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Objects in the Nose

By HERWriter
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Some small children cannot seem to resist the urge to explore their bodies by putting foreign objects into the nose. The object may be just about anything small enough to fit, including food, seeds, beads, pieces of crayons, erasers, paper wads, buttons, and even small toys. Here are some tips to get the object out.

Symptoms of something in the nose

Children who have a foreign object in the nose often have one or more of these symptoms:

• Difficulty breathing through one nostril

• Complaining of pain or irritation in the nose
• Irritability, particularly in infants
• Foul-smelling or bloody nasal discharge

Do’s and Don’ts

If you determine that something is in your child’s nose, check out these Do’s and Don’ts to safely take care of the problem:

DON’T poke around in the nose with a cotton swab or other tool. You may push the object further into the nose and make it harder to remove.

DON’T have the child take a deep breath through the nose, or encourage the child to sniff, which may pull the object further into the nose. Instead, have the child breathe through the mouth until the object is removed.

DON’T use tweezers or any other tool to try to remove the object if it is far up in the nose. If you can’t see the object, so not reach for it.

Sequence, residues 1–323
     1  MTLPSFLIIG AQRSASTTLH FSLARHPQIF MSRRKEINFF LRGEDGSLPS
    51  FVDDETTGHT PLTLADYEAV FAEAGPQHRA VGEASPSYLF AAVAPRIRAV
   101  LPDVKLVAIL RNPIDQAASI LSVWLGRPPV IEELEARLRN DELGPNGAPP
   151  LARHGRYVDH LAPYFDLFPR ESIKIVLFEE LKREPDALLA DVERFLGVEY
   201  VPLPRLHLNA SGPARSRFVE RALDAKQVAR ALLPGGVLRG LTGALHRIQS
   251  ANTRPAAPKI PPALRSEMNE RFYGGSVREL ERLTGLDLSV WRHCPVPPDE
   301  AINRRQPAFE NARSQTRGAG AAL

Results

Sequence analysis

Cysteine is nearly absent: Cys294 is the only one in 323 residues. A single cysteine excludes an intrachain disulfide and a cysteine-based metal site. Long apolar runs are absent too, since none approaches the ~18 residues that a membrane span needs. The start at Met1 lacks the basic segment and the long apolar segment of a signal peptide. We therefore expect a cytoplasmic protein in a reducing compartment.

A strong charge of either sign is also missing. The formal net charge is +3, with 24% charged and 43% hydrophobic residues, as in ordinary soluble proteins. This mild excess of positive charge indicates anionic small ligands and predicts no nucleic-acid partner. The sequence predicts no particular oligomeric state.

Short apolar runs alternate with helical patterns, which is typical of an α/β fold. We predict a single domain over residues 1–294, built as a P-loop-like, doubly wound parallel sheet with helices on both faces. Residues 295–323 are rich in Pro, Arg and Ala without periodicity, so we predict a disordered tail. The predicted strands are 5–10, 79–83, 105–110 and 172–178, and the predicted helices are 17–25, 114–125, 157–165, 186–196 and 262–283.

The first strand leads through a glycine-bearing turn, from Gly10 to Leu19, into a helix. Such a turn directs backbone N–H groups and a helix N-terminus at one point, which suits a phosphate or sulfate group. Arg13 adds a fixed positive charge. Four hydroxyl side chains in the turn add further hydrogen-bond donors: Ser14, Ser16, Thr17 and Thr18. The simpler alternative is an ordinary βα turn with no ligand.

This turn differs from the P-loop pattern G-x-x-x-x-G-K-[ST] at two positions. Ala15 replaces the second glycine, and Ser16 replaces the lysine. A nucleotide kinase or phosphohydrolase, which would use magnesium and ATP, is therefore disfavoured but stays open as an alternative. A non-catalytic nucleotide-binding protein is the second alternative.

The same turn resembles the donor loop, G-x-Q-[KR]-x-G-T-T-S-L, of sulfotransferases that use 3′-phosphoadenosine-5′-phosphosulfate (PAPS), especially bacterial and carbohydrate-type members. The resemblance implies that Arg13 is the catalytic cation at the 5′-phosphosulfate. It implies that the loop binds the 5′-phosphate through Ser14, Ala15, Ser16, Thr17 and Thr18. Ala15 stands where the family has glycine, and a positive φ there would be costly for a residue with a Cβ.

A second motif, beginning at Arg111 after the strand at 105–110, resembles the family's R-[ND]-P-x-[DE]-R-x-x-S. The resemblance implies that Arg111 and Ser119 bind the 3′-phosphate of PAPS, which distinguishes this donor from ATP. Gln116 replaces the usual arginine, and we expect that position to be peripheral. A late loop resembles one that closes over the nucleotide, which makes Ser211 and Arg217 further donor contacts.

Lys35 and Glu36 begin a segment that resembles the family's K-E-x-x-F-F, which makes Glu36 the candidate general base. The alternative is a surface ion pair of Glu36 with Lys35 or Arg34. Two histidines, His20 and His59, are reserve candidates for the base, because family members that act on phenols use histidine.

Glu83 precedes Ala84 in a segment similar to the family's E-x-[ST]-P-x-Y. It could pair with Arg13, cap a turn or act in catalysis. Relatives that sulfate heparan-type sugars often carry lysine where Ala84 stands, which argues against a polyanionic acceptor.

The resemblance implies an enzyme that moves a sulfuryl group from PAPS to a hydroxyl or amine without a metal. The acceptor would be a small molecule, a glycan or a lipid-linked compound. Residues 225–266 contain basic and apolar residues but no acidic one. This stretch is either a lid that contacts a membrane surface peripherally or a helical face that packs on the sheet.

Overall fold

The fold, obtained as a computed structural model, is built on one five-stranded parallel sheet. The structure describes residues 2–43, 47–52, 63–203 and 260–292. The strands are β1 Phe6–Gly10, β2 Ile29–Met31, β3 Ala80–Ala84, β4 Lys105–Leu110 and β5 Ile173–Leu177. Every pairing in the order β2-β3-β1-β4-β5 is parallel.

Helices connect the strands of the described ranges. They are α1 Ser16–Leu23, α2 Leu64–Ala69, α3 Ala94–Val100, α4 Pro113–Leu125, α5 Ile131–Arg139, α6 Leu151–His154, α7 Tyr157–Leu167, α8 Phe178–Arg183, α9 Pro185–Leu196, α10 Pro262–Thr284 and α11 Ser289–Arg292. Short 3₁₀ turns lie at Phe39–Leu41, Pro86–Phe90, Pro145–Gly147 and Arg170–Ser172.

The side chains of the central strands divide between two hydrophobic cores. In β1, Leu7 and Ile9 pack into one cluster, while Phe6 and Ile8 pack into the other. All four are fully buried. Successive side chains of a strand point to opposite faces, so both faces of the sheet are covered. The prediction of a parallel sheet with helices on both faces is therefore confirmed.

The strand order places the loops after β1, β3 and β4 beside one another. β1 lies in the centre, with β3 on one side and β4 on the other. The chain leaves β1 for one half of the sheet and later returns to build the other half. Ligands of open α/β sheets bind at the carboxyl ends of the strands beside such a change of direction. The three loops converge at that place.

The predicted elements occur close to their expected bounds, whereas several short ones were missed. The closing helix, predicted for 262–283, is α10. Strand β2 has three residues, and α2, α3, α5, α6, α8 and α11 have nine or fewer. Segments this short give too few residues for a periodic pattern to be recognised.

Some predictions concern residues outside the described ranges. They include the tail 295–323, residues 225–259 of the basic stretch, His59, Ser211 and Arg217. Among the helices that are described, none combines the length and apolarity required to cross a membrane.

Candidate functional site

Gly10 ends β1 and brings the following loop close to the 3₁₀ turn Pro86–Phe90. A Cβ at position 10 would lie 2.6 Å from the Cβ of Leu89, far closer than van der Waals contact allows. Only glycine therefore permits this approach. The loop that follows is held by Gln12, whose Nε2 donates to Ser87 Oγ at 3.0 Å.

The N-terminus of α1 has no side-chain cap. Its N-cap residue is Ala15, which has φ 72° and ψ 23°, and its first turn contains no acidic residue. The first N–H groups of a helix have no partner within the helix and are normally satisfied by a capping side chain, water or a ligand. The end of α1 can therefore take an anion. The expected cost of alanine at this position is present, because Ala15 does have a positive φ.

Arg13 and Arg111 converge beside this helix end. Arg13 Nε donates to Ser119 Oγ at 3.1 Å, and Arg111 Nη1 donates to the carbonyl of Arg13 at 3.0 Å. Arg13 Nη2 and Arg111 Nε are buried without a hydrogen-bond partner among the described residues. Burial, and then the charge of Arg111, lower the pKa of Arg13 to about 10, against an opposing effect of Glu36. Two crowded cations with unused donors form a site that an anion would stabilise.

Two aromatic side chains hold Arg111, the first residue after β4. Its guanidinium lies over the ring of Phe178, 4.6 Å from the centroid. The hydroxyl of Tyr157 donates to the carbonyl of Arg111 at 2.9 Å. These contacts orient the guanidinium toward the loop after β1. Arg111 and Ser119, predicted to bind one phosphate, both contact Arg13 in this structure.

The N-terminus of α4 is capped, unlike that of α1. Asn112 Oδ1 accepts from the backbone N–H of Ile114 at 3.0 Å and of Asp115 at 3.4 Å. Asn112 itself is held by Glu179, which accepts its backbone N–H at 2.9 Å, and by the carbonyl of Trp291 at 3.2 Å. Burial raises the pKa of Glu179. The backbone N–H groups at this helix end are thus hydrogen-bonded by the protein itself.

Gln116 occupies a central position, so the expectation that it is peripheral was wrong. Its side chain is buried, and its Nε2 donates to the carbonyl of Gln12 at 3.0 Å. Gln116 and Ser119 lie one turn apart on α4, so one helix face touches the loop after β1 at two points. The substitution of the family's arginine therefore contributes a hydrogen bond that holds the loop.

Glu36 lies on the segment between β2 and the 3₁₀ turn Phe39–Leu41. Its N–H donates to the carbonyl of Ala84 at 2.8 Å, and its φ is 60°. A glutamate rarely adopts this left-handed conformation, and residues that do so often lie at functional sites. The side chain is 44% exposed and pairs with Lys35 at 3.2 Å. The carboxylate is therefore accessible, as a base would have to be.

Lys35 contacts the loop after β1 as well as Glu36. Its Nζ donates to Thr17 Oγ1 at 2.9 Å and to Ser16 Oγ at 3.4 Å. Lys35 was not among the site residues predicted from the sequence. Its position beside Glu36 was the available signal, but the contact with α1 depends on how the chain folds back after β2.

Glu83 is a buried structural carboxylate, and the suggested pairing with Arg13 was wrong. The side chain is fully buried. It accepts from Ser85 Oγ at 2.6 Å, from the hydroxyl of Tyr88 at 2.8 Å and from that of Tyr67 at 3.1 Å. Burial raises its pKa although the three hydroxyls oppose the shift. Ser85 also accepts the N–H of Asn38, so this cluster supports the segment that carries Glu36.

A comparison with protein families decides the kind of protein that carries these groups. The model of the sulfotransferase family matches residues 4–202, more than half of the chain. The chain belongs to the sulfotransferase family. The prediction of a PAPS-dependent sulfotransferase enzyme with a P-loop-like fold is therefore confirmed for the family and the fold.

DON’T try to use tweezers even If the object is near the entrance to the nostril if the surface is smooth, like a bean or bead. You are more likely to push the object further into the nose, and if the pliers slide off the smooth surface, you can damage the tissue inside the nostril.

DO have the child try to gently blow the object out of the nose. Once you know which side the object is on, hold the other nostril closed and have the child blow gently to try to dislodge the object. Avoid blowing too hard, or doing this too often.

DO call for emergency medical assistance or go to the emergency room for help if you can’t easily get the object out on your own.

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We value and respect our HERWriters' experiences, but everyone is different. Many of our writers are speaking from personal experience, and what's worked for them may not work for you. Their articles are not a substitute for medical advice, although we hope you can gain knowledge from their insight.